Condo management agents may need to undergo training: BCA

Managing agents (MAs) for condominiums may soon be required to undergo training in a move to raise the bar in the industry, a senior Building and Construction Authority (BCA) official said on Thursday, April 10, 2014. -- ST FILE PHOTO: ALPHONSUS
Managing agents (MAs) for condominiums may soon be required to undergo training in a move to raise the bar in the industry, a senior Building and Construction Authority (BCA) official said on Thursday, April 10, 2014. -- ST FILE PHOTO: ALPHONSUS CHERN

Managing agents (MAs) for condominiums may soon be required to undergo training in a move to raise the bar in the industry, a senior Building and Construction Authority (BCA) official said on Thursday.

This would be "one of the most effective ways" to raise the professionalism of the strata management industry, said Mr Chin Chi Leong, the commissioner of buildings.

For instance, managing agents need to have "good working knowledge" of the rules and requirements for strata-titled properties, he said, adding that they should also be able to provide simple advice on building maintenance to the property's management corporation strata title (MCST) council.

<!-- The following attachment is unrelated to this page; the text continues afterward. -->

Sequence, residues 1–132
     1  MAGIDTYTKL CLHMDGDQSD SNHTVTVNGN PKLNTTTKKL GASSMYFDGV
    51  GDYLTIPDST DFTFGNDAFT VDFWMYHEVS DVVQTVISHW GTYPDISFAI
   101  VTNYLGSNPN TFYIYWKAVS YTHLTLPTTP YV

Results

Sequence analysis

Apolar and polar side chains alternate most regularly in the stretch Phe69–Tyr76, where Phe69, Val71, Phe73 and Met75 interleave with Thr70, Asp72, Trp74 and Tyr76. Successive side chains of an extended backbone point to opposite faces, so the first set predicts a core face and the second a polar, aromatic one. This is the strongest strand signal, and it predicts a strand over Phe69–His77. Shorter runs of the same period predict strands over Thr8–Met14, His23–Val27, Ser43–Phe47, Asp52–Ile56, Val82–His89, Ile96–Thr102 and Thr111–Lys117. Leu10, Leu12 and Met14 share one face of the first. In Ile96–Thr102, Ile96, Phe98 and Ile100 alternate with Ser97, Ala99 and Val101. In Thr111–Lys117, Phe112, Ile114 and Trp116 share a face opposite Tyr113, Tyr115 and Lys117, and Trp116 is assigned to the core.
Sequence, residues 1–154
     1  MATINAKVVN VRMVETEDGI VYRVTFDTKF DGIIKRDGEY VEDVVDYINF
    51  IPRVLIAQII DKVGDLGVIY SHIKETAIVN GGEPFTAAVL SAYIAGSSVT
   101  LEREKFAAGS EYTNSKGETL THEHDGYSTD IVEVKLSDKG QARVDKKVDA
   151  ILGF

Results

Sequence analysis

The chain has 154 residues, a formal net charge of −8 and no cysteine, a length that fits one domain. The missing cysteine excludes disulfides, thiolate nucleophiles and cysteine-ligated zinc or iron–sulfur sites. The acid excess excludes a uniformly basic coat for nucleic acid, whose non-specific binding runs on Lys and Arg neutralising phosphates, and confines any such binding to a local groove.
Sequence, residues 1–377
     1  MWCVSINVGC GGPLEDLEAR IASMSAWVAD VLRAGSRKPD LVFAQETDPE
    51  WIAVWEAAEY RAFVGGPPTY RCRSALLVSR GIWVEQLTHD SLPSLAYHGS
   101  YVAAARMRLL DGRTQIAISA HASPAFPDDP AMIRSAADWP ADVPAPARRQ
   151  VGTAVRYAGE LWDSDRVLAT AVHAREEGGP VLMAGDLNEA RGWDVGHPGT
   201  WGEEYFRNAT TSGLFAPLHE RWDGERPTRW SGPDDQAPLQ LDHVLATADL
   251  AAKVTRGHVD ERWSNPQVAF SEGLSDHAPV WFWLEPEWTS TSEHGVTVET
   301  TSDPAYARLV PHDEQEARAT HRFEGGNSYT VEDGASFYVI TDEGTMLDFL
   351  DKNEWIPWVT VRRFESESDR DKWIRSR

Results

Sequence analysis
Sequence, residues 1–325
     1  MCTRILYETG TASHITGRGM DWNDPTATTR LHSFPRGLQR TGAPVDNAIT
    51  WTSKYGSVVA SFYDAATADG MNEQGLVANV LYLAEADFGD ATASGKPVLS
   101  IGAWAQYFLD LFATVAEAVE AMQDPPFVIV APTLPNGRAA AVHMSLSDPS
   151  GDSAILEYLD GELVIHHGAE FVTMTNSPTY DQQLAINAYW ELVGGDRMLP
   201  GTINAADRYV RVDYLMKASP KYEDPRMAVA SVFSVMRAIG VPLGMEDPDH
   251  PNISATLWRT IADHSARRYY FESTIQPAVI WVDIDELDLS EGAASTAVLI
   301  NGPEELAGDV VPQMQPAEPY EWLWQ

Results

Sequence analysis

"Most management corporation council members are laypersons and rely heavily on their appointed managing agents to help them self-manage their estate."

Mr Chin was speaking at an inaugural conference on strata management at York Hotel held by the Association of Property and Facility Managers, an industry body for managing agents.

The association president Prof Lim Lan Yuan told the conference that it would launch a certified training programme on strata management and management corporations.

Applicants for the course will have to study topics such as strata law, property maintenance, condominium operations and conflict management.

"There is a need for more competent and knowledgeable property and facility managers who are familiar with the legal, management, financial and technical aspects of strata developments," he said.

"Property and facility managers will do well by helping to resolve these conflicts and disputes without resorting to litigation which will involve time, cost and damage to the reputation of the strata development."

Mr Alfonso Ang, deputy president of the Strata Title Board, also said at the conference that home owners embroiled in a dispute should seek mediation first and only go to the board for adjudication as a "last resort, if possible".